Susan L. Dexheimer, Washington State University
Thursday, May 12, 2016 - 12:30am to 1:30am
The formation of localized electronic states reflects the fundamental physics of coupling between electronic and lattice dynamics, as first noted by Landau who in 1933 described the process of polaron formation as “the electron digs its own hole” and is trapped there. Localization of electronic states plays a critical role in determining the properties of a wide range of materials: polaron formation has a profound impact on charge transport properties of electronic materials, and formation of self-trapped excitons, or exciton-polarons, dramatically changes optical properties and energy transport mechanisms. I will present time-resolved studies of the dynamics of the localization process, focusing on the formation and evolution of self-trapped excitons and polarons. The experiments are carried out in quasi-one-dimensional materials in which the strength of the electron-phonon coupling that drives the dynamics can be systematically tuned by varying the material composition . The studies use a combination of ultrafast time-resolved techniques that are sensitive to the electronic, vibrational, and structural dynamics that accompany self-trapping, including femtosecond optical spectroscopy in the vibrationally impulsive limit, time-resolved terahertz spectroscopy, and time-resolved x-ray spectroscopy.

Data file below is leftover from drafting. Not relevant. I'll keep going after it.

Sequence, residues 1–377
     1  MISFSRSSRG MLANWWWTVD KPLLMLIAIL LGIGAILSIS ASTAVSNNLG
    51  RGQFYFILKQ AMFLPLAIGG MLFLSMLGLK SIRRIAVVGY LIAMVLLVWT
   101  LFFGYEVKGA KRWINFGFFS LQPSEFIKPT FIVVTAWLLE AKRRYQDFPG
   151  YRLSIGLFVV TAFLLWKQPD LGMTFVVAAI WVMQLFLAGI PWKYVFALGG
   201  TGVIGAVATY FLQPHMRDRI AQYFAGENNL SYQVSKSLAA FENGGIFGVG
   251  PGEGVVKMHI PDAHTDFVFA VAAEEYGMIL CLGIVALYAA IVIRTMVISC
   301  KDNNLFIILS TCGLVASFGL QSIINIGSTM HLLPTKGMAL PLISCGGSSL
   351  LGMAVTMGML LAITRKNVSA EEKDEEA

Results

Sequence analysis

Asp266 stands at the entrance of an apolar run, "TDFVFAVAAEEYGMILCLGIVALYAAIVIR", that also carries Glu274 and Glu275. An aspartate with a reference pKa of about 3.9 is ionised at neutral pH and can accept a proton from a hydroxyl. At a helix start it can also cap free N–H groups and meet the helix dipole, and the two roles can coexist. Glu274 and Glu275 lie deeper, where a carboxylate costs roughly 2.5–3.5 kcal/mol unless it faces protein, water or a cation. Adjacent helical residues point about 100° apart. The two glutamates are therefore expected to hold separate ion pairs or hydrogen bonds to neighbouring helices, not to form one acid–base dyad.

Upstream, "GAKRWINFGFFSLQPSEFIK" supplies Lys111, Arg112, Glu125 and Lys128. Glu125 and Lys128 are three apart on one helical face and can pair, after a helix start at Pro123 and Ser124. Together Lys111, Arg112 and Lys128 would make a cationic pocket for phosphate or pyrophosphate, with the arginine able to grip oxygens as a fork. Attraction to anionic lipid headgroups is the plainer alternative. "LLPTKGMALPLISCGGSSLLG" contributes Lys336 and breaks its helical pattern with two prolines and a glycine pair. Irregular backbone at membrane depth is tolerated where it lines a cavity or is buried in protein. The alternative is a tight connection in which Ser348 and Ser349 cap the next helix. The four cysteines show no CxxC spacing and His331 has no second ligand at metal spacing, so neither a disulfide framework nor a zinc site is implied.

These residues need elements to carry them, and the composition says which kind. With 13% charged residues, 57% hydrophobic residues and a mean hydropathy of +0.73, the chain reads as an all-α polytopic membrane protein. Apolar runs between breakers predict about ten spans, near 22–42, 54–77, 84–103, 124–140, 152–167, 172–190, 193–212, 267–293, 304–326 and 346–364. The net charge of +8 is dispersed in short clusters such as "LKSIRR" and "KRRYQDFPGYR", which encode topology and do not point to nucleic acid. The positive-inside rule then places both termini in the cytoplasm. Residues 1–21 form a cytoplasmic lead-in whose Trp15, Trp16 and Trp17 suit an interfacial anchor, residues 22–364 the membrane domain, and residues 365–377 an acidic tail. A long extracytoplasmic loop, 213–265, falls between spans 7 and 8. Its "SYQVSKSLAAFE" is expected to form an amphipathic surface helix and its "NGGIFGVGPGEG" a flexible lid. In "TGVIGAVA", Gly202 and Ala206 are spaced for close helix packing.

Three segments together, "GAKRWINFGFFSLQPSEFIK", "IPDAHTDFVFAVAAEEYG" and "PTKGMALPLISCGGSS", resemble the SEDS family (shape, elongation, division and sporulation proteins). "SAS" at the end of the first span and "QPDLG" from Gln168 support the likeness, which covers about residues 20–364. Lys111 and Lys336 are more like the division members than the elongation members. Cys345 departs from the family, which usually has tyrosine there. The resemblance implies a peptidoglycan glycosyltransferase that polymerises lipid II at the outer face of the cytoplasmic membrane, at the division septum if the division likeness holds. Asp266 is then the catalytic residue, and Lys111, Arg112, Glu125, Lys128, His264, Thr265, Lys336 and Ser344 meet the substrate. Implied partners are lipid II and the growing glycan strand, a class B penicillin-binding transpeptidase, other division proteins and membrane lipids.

Morrissey, F. X.; Mance, J. G.; Van Pelt, A. D.; Dexheimer, S. L.; Femtosecond Dynamics of Exciton Localization: Self-Trapping From the Small to the Large Polaron Limit, J. Phys.: Condens. Matter, 2013, 25, 144204.